Tis’ the season – and I don’t mean Christmas – it’s open enrollment time for many companies.

Many companies have moved away from in-person open enrollment meetings; which may be more flexible for folks to attend but, as Benefits Advisor, I feel strongly has led people to making less informed decisions and poor healthcare choices. Many companies rely on enrollment platforms that are completely online, which I find really do not give employees a good understanding of the options that they are offered. If you think about the cost of health insurance and the investment companies are making, more effort should be put into open enrollment. The cost of an average single plan is around $8,000 and year and a family plan can easily be more than $25,000.

We encourage all our companies to hold in-person meetings and to better gauge the level of understanding of the employees in the room. Health insurance is full of terms, acronyms and phrases that the average person does not understand. Sometimes I even catch myself using some of these terms without explaining them and, when I do this, I can see the confusion on their faces.

Without an understanding of these basic terms, employees are picking a plan solely based on cost or they are just guessing what might be best for them. Here are what I feel are the most important terms to understand:

Coinsurance – The money that an individual is required to pay for services after the deductible has been met. It is often a specified percentage of the charges. For example, the employee pays 20% of the charges while the health plan pays 80%.

Copayment – An arrangement where an individual pays a specified amount for various health care services and the health plan or insurance company pays the remainder. The individual must usually pay his or her share when services are rendered. Copayments are usually a set dollar amount (such as $20 per office visit), rather than a percentage of the charges.

Deductible – A set dollar amount that a person must pay before insurance coverage for medical expenses can begin. They are usually charged on an annual basis.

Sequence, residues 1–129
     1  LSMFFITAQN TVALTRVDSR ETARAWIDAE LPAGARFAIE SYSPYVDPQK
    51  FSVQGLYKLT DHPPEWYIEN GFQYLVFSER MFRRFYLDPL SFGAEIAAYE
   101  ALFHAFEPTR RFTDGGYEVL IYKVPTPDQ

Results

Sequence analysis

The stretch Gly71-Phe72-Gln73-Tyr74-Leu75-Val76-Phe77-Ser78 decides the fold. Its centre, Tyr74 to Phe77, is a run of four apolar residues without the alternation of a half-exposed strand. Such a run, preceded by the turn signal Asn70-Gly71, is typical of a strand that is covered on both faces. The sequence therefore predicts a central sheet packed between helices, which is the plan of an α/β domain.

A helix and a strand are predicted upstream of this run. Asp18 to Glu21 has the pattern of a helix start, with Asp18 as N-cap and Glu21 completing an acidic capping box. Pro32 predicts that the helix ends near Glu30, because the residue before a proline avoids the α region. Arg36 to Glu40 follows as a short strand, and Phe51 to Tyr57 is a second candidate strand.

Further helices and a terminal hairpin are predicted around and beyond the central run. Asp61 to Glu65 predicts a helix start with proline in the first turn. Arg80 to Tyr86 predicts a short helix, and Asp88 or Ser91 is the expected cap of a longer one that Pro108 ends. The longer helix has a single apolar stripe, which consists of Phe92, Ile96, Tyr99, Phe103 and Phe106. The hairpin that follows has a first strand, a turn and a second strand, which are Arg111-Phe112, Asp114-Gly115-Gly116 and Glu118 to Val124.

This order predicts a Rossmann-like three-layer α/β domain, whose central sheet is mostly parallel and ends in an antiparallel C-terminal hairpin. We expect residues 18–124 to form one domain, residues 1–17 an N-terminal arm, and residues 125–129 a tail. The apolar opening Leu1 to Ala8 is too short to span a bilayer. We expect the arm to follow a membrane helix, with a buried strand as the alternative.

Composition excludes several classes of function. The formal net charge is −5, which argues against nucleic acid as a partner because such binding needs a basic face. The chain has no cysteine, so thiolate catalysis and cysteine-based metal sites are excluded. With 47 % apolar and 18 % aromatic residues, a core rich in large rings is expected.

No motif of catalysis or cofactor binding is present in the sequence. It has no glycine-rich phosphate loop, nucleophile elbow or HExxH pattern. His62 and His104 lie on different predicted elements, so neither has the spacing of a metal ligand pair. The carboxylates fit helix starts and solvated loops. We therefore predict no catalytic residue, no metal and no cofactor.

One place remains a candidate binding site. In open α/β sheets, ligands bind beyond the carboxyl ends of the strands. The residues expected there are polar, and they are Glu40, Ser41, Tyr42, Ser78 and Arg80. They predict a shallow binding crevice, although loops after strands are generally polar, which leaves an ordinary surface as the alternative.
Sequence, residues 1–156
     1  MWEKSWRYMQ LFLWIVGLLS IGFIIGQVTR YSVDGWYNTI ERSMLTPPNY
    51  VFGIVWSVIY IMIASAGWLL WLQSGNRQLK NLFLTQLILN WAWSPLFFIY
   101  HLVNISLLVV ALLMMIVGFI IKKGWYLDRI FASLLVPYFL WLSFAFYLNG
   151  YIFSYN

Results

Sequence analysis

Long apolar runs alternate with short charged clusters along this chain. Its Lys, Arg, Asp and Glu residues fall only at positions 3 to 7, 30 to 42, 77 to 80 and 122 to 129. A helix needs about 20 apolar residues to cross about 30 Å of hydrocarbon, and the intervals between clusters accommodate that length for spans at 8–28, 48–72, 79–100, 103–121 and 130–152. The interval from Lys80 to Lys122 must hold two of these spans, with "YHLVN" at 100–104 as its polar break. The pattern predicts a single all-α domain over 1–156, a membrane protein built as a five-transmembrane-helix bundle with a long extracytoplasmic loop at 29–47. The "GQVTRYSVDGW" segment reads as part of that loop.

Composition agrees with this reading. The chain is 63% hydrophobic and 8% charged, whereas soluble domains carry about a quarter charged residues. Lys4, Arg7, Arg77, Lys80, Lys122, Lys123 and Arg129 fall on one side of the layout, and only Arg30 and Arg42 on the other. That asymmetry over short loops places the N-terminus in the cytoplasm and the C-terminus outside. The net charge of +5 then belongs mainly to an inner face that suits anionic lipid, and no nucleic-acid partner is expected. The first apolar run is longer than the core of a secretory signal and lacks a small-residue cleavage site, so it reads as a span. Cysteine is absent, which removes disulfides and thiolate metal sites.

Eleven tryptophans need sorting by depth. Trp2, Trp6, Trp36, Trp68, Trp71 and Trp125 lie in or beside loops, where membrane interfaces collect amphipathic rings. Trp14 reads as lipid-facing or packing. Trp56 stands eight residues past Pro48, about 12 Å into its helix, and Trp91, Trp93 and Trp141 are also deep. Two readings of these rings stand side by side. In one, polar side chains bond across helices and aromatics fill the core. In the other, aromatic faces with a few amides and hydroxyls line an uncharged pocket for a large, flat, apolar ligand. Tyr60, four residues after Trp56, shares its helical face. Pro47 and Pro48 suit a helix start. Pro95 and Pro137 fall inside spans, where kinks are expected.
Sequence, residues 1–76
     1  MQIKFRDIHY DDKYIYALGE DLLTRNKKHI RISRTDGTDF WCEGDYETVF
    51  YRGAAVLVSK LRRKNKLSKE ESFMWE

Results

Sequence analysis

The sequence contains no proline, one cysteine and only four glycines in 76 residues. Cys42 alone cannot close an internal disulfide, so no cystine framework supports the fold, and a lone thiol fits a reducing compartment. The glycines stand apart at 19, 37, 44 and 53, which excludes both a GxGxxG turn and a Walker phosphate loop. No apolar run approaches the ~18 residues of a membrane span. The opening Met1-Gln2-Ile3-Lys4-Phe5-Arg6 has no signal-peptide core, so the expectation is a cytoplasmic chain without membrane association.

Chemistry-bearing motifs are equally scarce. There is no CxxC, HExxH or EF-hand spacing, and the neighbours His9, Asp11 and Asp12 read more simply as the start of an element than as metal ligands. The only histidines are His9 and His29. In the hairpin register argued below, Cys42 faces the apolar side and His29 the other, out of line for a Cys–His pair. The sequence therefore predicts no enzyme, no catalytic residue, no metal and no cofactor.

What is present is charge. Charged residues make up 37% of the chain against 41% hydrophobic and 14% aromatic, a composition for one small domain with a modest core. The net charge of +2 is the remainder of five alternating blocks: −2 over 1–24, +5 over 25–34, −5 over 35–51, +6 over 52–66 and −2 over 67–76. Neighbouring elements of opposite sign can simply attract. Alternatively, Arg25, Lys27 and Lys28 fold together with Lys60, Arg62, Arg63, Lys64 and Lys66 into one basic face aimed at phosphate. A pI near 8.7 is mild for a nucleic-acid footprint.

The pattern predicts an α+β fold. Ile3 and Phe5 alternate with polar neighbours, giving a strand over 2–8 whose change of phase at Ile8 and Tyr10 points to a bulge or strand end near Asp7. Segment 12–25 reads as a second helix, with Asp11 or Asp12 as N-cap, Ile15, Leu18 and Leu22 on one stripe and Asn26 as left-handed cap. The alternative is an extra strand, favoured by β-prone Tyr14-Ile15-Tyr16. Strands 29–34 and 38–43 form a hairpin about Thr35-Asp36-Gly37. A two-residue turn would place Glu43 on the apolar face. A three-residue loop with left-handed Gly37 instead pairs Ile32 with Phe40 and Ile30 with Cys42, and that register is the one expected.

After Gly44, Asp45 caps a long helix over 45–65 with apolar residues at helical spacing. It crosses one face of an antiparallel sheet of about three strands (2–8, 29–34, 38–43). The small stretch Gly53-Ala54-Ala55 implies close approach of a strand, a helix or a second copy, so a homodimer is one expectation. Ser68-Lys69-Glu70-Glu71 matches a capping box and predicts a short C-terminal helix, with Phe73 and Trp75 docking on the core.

Health Maintenance Organization (HMO) – Prepaid, or capitated, health care plans in which individuals pay a small monthly fee to be a member of the HMO, as well as small fees or copayments for specified health care services. Services are provided by physicians and allied health care personnel who are employed by or under contract with the HMO. HMOs are available to both individuals and employer groups.

Health Savings Account (HSA) – A medical savings account available to people who are enrolled in an HSA-compliant high-deductible health plan. The account is employee-owned, and money may be contributed by both the employer and employee. If the employee leaves the company, he or she remains in control of the account. The funds contributed to the account are pre-tax, which means they aren’t subject to federal income tax at the time of deposit. Funds must be used to pay for qualified medical expenses; there is a heavy tax penalty for using HSA funds for non-qualified expenses. Funds roll over year to year if you don’t spend them and can accumulate a significant balance. There is a limit to how much money can be put into an HSA every year, but no cap on how much money can be in the account.

Out-of-network – Typically refers to physicians, hospitals or other health care providers who do not contract with an insurance plan to provide services to its members. Depending on the insurance plan, expenses incurred for services provided by out-of-network providers might not be covered, or coverage may be less than for in-network providers.

Out-of-pocket Maximum (OOPM) – The total amount paid each year by the member for the deductible, coinsurance, copayments and other health care expenses, excluding the premium. After reaching the out-of-pocket maximum, the plan pays 100% of the allowable charges for covered services the rest of that calendar year.

Preferred Provider Organization (PPO) – A type of managed care plan in which health care providers and insurers agree to offer substantially discounted fees for covered health care services and to lower copays and deductibles for in-network services. The plan’s payment ratio (what your insurance company pays compared to what you pay) may be high—for example, it could be 90/10, with the insurance company paying 90% of medical costs and you paying 10% after the copay and deductible.

Premium – The amount of money charged by an insurance company for coverage.


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